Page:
No. 479
Crime, Eccentricity, and the Sporting Life in 19th Century America.
July 09, 2020

He Liked Little Boys.

How a Georgia alligator attempted to make a meal of Captain Johnson’s son.
March 20, 2017
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The aptly named Christopher Slaughterford hanged on this date in 1709 — condemned, quite possibly wrongfully, for murdering his fiancee Jane Young. Slaughterford owned a maltings at Shalford in Surrey and was known to be paying court to Miss Young when the latter went missing on the evening of the 5th of October, 1703. She […]
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Mamie Kelly Fourteen-year-old Mamie Kelly of San Francisco, had a crush on the boy next door, nineteen-year-old Aleck Goldenson. Though Aleck was the kind of boy who appeals to teenaged girls—an artist and a bit of a hoodlum—her family had no use for him at all. In spite of this, Mamie took every opportunity be near him. Aleck first enjoyed her attention, then tolerated it, then actively
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New York once had lots of neighborhood doughnut places, and this stamp-size shop on Avenue U in Sheepshead Bay keeps the tradition alive. Also known as Shaikh’s Place, Donut Shoppe still has the original sign installed by the shop’s first owner decades ago. The shop has diversified over the years, adding to the menu tacos, […]
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[Editor’s note: Guest writer, Peter Dickson, lives in West Sussex, England and has been working with microfilm copies of The Duncan Campbell Papers from the State Library of NSW, Sydney, Australia. The following are some of his analyses of what he has discovered from reading these papers. Dickson has contributed many transcriptions to the Jamaica Family […]
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Early American Crime - 2/7/2019
A Needed Addition to the Park Police of Every City. | Courtship from a Tree.

He Liked Little Boys.

He liked little boys

How a Georgia alligator attempted to make a meal of Captain Johnson’s son. [more]

While Capt. R. B. Johnson, of Clinch county, Georgia. was helping a party of 23 or 30 men haul for trout in a millpond, the other day. his little son, Joseph. had a most thrilling experience, Master Joseph carried a bag, or corn sack, in which to deposit the fish when caught. When loaded with as many as he could carry he would take them out and make a deposit and return for more. In making one of these trips, while wading through water about three feet deep some distance from the fishermen, a monster alligator, said to be of unusual size, rose suddenly right at the boy and seized him by the thigh. A desperate struggle ensued—the boy battled for his life and the alligator for his prey. It so happened that the bag, which hung by the boy's aide, was caught In the alligator's mouth with the thigh, and It proved a sort of shield—lessening greatly the incisions made by the brute's teeth, and thus, perhaps, preventing a shock to his nervous system which might have made him succumb without the struggle which saved him his life. By an effort the boy tore his bleeding flesh from the alligator's Jaws. The monster grimly held to the sack a moment with the delusion, perhaps, that he still had his prey, affording the boy an opportunity to escape.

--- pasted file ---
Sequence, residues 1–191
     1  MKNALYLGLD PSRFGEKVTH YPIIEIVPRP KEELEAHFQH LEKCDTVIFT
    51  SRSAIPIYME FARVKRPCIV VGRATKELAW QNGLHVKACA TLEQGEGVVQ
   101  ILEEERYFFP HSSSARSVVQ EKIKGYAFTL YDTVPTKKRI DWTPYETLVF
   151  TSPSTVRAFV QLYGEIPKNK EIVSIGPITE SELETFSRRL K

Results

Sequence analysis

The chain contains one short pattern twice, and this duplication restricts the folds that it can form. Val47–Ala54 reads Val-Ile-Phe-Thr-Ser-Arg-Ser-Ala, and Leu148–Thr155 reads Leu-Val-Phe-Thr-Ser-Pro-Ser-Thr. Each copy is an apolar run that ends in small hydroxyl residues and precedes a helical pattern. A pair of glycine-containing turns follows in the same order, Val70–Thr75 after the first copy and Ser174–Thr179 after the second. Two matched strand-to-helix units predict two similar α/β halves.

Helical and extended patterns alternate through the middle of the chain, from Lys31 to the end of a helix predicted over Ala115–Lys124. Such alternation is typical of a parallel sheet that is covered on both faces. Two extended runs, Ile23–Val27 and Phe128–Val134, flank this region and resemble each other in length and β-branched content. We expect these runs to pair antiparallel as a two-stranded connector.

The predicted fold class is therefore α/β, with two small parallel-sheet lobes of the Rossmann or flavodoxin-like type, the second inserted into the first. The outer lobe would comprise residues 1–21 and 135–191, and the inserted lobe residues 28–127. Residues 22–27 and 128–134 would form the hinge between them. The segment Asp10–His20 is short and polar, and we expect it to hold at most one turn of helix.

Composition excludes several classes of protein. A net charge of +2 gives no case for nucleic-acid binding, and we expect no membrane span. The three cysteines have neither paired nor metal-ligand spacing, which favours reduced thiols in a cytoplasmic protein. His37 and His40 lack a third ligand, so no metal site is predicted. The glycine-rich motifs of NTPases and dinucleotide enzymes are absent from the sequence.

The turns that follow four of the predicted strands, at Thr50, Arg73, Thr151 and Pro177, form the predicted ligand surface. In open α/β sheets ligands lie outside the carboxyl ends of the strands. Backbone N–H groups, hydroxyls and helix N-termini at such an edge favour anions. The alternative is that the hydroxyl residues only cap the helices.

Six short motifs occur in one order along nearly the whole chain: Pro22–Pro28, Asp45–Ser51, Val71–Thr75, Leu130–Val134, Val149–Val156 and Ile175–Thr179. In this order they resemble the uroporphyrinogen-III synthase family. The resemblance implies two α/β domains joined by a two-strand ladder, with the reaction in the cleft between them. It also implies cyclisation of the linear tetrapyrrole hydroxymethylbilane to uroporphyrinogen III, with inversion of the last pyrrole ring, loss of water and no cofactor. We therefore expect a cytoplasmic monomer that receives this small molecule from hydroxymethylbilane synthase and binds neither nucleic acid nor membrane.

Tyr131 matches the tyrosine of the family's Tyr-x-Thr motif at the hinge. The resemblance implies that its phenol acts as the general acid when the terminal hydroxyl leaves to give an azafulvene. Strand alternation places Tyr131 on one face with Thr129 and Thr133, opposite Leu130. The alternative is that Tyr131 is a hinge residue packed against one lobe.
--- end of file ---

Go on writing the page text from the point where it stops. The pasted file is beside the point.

He had hardly extricated himself from the jaws of death before the fishermen, alarmed by the struggle, were at hand, and another battle ensued. Thirty men, armed with gigs, poles, pocket knives and such other instruments of war as were at hand, charged upon the monster. Being In three feet of water, the 'gator bad considerable advantage, but those men had their blood up and were not to be outdone. They poled and punched and harpooned him until the brute was almost outdone, when one of the party made bold to seize him by the tail. This was a signal for a general assault. In less time than it would take to tell it, a number of the more daring had him by the tail and legs. There were too many of them for the 'gator to slap around with his tall, a peculiar mode of n 'gator warfare, and he had to give up the fight. A harpoon was plunged into his mouth and then it was safe to approach him with pocket knives. Soon his head was severed from his body, and the victorious party marched out of the pond with the monster's head on a pole.


Reprinted from National Police Gazette, December 15, 1883.